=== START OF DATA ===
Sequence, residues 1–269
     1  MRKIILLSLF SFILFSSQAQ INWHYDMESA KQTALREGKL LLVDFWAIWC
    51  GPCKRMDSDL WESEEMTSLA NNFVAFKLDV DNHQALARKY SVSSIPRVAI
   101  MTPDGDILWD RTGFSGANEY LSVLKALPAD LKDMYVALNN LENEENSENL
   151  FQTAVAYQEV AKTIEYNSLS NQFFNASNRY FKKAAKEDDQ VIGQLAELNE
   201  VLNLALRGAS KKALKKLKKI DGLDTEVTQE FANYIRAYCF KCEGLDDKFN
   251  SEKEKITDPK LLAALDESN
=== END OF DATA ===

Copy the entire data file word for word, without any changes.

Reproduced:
Sequence, residues 1–269
     1  MRKIILLSLF SFILFSSQAQ INWHYDMESA KQTALREGKL LLVDFWAIWC
    51  GPCKRMDSDL WESEEMTSLA NNFVAFKLDV DNHQALARKY SVSSIPRVAI
   101  MTPDGDILWD RTGFSGANEY LSVLKALPAD LKDMYVALNN LENEENSENL
   151  FQTAVAYQEV AKTIEYNSLS NQFFNASNRY FKKAAKEDDQ VIGQLAELNE
   201  VLNLALRGAS KKALKKLKKI DGLDTEVTQE FANYIRAYCF KCEGLDDKFN
   251  SEKEKITDPK LLAALDESN